Yet we are still alive, viscerally so, because by meditating on death we painfully make ourselves aware of the beauty of this life. This one life we have been loaned is a gift, bought at a great price. We should do all we can with it. Meditate on death, then train like a madman. Read, recruit, reproduce, form a brotherhood, make a stand, and do it all before death claims us. We cannot build strong men by neglecting the mind and the will. The rebirth of Europe can only be built on a firm mental and spiritual foundation. We need more than just disgruntled white gym bros. If we are to build a hard, masculine warrior fraternity it will be made up of men who have militant and radical minds.


26 thoughts on “Meditating on Death”

    1. I believe there are some similarities. I imagine that in saying they love death as we love life, they are claiming that there is more glory in dying for their god than there is in continuing to live in acquiescence with the amoral and degenerate West – which I can understand. If the Crusaders could come back from their graves and see the modern Europe they’d want to blow it up too. Early Christians chose martyrdom over renouncing their Faith. All cultures have had a concept of a ‘good death’, except the modern West it seems, with its clinging to life, money and YOLO.

  1. Simon,

    Your blog is masculine wisdom more valuable than precious jewels.

    Another pertinent quote I love from the Hagakure (paraphrased)

    “If it is certain you will lose, retaliate. There is no reason in this but plunging recklessly towards an irrational death it is then you will awaken from your dreams.”

    1. It’s a fantastic book. I remember reading it as a teenager and it never left me. It’s even more relevant than ever.

  2. Your words ring true. I feel fortunate to have had your website passed along to me by a West Point warrior and like-minded friend.

  3. You’re a truly inspirational writer. I have read about and practised the stoic philosophy of negative visualisation before, but this article has already given me a deeper perspective on the benefits of it. I already feel much more motivated for my training and work today. Thank you

  4. God weaves equally with the threads of life and death, but until we are Self-realized, we can see only the phenomenal or incoherent backside of the Tapestry. Let our meditation on the phenomenon of death be an expression of our intellectual intuition (faith) that from the Noumenal side of the Tapestry, our deaths partake in Beauty Itself and thereby consecrate ourselves fully to Its making.

  5. I have lost two of my beloved dogs in two months, to cancer. Even in death, they taught me how to accept their death as the end of their pain. They, along with this post, taught me how to begin to accept the inevitability of my own death. And accepting their deaths made the pain of losing them fade away.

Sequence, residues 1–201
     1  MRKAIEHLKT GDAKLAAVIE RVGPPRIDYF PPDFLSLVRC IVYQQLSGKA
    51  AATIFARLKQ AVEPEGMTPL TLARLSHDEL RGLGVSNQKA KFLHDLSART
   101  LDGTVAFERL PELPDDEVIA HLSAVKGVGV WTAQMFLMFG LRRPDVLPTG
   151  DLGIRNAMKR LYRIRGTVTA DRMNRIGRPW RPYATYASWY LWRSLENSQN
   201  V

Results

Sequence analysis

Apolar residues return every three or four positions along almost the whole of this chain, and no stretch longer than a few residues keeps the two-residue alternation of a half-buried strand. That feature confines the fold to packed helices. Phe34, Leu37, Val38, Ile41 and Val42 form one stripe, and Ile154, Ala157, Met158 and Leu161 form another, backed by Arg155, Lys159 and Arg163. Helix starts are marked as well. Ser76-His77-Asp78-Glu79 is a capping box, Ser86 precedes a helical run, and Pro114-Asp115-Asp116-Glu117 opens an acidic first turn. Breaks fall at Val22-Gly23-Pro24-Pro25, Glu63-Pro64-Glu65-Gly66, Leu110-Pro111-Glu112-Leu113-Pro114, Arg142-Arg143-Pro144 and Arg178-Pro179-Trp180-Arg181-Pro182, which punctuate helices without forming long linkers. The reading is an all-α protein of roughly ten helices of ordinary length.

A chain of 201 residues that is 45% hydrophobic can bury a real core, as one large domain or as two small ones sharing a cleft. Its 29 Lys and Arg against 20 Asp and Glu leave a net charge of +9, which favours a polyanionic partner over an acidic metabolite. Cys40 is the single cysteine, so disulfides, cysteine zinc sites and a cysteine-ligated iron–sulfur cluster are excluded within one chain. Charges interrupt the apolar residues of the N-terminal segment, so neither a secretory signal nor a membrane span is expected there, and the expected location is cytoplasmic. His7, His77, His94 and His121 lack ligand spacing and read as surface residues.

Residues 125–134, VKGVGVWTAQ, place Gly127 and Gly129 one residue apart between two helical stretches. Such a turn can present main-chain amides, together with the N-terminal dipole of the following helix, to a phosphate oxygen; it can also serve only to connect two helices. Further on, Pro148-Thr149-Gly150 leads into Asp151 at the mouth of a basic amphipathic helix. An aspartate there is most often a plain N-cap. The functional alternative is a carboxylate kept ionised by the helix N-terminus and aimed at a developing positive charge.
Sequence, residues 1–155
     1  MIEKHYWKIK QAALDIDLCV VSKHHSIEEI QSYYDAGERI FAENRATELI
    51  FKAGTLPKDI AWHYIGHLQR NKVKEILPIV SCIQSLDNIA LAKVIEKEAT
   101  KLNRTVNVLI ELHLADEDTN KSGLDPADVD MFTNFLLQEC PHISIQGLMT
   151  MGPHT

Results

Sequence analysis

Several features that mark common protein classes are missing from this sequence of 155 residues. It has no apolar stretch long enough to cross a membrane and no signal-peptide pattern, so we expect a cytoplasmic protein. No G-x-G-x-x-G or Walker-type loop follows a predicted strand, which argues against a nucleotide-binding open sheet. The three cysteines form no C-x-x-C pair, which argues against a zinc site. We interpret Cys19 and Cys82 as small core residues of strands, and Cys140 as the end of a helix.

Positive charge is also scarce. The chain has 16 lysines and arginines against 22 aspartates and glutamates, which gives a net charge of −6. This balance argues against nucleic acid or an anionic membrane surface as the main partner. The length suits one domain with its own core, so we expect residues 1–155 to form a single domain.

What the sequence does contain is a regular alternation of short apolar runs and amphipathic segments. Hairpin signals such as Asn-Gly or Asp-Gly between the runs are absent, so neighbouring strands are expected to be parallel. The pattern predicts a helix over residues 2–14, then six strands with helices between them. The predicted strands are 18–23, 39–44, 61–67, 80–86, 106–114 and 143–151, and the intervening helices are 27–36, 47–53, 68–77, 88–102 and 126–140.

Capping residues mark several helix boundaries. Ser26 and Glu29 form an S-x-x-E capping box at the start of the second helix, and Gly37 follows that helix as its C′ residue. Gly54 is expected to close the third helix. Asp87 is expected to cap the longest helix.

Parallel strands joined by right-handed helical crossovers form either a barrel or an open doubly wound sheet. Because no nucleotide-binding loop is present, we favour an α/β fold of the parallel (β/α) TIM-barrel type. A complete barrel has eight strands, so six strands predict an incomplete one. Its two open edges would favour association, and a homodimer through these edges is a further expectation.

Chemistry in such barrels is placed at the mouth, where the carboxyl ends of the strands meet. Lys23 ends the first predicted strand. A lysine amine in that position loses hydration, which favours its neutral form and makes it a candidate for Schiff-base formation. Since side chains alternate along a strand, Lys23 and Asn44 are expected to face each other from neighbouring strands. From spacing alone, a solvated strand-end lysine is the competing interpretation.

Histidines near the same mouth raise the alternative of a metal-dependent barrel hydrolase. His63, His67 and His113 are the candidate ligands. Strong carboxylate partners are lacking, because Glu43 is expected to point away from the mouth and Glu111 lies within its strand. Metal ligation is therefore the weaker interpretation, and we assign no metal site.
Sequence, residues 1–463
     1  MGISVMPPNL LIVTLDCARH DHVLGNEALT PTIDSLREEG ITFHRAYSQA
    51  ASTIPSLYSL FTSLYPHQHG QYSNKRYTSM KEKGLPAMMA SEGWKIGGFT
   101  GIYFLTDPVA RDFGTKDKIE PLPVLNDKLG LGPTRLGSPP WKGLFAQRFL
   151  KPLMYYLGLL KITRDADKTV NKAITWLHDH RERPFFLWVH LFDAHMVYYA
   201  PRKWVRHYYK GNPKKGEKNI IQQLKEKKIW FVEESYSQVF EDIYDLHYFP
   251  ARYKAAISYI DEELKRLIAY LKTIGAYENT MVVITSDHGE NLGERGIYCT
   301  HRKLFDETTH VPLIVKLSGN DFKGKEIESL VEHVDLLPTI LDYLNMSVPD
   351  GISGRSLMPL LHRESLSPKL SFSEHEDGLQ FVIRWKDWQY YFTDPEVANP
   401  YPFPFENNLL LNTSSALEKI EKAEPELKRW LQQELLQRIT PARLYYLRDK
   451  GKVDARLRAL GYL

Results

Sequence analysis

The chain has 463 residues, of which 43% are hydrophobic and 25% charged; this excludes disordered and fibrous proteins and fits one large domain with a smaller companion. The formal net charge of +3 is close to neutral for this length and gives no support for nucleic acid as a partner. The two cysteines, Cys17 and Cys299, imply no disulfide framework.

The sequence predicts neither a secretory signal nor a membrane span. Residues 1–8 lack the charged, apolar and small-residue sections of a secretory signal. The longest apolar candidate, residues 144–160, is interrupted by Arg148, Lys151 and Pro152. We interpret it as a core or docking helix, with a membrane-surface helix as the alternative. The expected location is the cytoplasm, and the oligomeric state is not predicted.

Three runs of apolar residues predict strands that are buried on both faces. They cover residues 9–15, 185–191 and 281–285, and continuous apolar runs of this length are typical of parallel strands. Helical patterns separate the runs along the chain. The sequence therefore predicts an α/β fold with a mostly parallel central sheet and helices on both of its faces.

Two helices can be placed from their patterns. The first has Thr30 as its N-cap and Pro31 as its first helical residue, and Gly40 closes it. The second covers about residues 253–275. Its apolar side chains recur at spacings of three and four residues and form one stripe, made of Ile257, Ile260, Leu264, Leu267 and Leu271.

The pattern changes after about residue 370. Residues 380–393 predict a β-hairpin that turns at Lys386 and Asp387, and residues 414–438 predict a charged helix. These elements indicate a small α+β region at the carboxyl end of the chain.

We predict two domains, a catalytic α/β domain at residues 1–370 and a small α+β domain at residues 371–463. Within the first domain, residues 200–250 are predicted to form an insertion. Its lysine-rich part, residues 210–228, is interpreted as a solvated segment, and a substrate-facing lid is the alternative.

Thank you for writing this.

  6. I do not believe in coincidence. I do not believe in chance or luck. I do believe in destiny and synchronicity and the shared psychic connection of kindred spirits – like the connection shared by twins when they sense the others joys and pains in spirit and through the mind… that said, I believe there is more than chance and timing to your posting of this well thought out entry.

    Just a few days before you posted this, I had replied to an email from Henry explaining my whereabouts on line recently which has been almost silent… I have been in the grips of contemplating and meditating on life and death… how I deal with death of close ones is in brooding and deep contemplation (unlike my usually daily brooding as a poet). I lost a cousin in Mexico to cancer… it looked like she was pulling through but it resurfaced and got her in the end. She was a few years younger than me and she was beautiful, I did not know her as well as I would have liked, she was a daughter of my mothers sister who also passed away from cancer as did another of her sisters – cancer is after the women in my family… the good thing about my cousins passing is it brought some family members together and I was given the opportunity to meet family I had never met and others I was curios to know how our families were intertwined, and clan from the ranch I thought I would never see again – the same as happened when my godmother passed away… my tribe grew with the simple passing of a few… she will be missed… but God… don’t let me die from something as miserable and pathetic as cancer or some other life sucking illness…

    And then my very good friend Dominique Hernan, Legionnaire, and adventurer died – his passing was painful and my circle of trust is now back down to two. Dominique was my age but his life experience and travels aged him with wisdom and confidence and a relaxed attitude I aspire to acquire and understand. I met him through Cris and we clicked immediately – he got me and I got him, we had the same sense of humor and shared the same cynicism and sarcastic attitude and we always knew what the other was thinking… without saying a word or sharing a glance we knew when to fight, and when to bug out… and we always could tell when the other was in trouble. We heard conflicting stories about his death and none of them made any sense – knowing the type of man he was, he was mysterious and quiet and solitary but he was not reckless – he worked in private security and there was not much he would risk if there was no money involved – but Cris, and myself and our young friend Jan would willing follow Mssr. Hernan on any adventure when he called us in to help him on a job – unlike the way Cris and I have to con and trick each other into following the other on some scheme… with Dominique we knew there would be danger involved and we might get bloodied up and come back with broken bones and holes in our bodies where there shouldn’t be… but we were following that man and cared very little about the money… we were chasing death, that old son of a bitch and enjoying every reckless moment of it… we probably wont do that sort of thing with out Dom around… but we’ll still get into trouble… he will be missed… there are very few men like him left in this world.